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Gore Vidal passed away at his home on July 31, 2012. Click here to read more about his work and his life.
Towards the end of Act I in the current revival of Gore Vidal’s The Best Man, James Earl Jones, as former President Arthur Hockstader, unleashes his bold face baritone on the line, “I tell you there is nothin’ like a dirty, low-down political fight to put the roses in your cheeks.”
On stage it’s Philadelphia, 1960; in the audience it’s New York City, 2012. But whether you’re a post-Eisenhower politico in a fictional hotel suite gearing up for a presidential convention or a 21st-century voter dealing with increasing “vote for me, not him” ads on TV, the subtext is clear: “dirty, low-down” doesn’t even graze the epidermis of campaign machinations. No matter how much he’s come to relish his own biscuits-and-gravy rhetoric, deep down Hockstader knows he’s the coveted cog in an electoral machine programmed to determine which of two candidates will make it to the November ballot. No wonder he’s upbeat: power is fun.
That said, an intriguing, somewhat unprecedented casting situation recently took place at the Schoenfeld Theatre that cannot help but impact Hockstader’s penchant for chucking curveballs at the status quo: four of the original celebrities recruited for the show -- including Eric McCormack, who played Presidential hopeful Senator Joseph Cantwell, and Kerry Butler, as his wife Mabel -- have left the show, replaced by a quartet of equally high-profile stars.
McCormack’s role has been assumed by John Stamos (last seen on Broadway in Bye Bye Birdie) while Mabel is now played by Kristin Davis, best known as Charlotte in all things Sex and the City. And while Tony winner John Larroquette (How to Succeed in Business Without Really Trying) will continue on as Cantwell’s key adversary Secretary William Russell, his wife Alice (formerly Candice Bergen) is now Cybill Shepherd.
Even more intriguing, Elizabeth Ashley—who played Women’s Division Chairman Sue-Ellen Gamadge in the 2000 revival—has taken over for Angela Lansbury, while Mark Blum, who played Russell’s campaign Manager Dick Jensen in 2000, returned to his role earlier this season after Michael McKean had to drop out of the show after being struck by a car on Manhattan’s Upper West Side. (FYI: Thankfully, McKean is going to be fine, but will not be returning to the production.)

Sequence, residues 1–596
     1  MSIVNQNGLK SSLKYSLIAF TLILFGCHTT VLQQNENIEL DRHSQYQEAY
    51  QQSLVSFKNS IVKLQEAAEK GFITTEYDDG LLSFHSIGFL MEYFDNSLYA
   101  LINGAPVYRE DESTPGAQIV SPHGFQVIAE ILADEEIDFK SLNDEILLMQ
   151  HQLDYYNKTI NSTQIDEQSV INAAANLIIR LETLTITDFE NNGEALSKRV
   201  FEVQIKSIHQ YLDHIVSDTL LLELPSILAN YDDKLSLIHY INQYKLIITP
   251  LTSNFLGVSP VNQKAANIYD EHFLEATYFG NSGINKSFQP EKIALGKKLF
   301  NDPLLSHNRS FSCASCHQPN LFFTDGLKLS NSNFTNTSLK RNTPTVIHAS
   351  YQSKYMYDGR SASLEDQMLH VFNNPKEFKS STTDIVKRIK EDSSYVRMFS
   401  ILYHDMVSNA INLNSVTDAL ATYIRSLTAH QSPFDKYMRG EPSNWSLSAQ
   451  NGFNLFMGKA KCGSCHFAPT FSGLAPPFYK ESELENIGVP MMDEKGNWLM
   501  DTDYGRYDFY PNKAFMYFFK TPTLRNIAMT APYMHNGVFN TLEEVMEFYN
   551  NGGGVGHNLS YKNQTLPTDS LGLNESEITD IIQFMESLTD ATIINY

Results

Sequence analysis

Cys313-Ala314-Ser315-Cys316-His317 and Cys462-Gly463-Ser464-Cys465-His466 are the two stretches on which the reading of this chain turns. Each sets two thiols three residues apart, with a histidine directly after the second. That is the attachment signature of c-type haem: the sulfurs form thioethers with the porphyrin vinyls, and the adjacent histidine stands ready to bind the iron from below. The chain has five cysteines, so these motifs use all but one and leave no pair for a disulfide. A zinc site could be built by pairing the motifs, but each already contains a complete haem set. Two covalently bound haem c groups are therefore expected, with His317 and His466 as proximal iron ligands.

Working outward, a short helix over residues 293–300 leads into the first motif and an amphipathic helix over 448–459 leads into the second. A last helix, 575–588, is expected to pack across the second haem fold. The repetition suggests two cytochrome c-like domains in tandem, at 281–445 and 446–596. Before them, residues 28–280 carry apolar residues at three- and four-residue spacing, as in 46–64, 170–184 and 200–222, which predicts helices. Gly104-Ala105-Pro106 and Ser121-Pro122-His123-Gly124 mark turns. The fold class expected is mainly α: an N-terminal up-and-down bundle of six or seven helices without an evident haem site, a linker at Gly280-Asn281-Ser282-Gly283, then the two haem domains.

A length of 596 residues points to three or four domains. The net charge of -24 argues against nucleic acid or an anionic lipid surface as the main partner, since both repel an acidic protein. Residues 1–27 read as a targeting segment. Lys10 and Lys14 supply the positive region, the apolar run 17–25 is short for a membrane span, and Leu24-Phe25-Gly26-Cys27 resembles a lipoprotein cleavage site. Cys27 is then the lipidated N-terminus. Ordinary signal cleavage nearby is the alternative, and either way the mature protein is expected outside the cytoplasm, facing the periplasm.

Tony-winning actor Jefferson Mays (I Am My Own Wife), who plays Sheldon Marcus—a hand-picked pawn in the back-and-forth blackmail game that propels the storyline—calls the infusion of new actors in the middle of the run (the production’s limited run ends on September 9) “a gift.”
“For those of us who have been with the production since the beginning, it’s a collective rediscovery of the play,” he says, adding that the arrival of Stamos, Davis, Shepherd, and Ashley not only keeps the cast on its toes by providing a layer of extra drama for everyone, but their varied take on the characters “really gets our adrenaline pumping during performances.”
For anyone who has worked with director Michael Wilson, this comes as no surprise since he has a reputation for encouraging actors to follow their impulses. “They definitely bring something quite new to the undertaking,” says Mays, whose two-scene role allows him the actorly indulgence of observing the action onstage from the wings.
As for the timeliness of Mr. Vidal’s script, rich with verbal nods to Oliver Cromwell, WWII, and Bertrand Russell, any question of whether or not it still holds up in our front page/internet world of Barack Obama, Afghanistan, and Mitt Romney is rendered moot by the enduring hot-button topics of promiscuity, homophobia, infidelity, and religion.
Concludes Mays, “Whenever I talk to people from the audience after the show, almost all of them say they came in expecting political nostalgia from the 1960s and walked out taken aback by the present-day parallels.”
Gore Vidal’s The Best Man is playing at the Schoenfeld Theatre, 236 W. 45th St. For tickets, call 212-239-6200 or click here.
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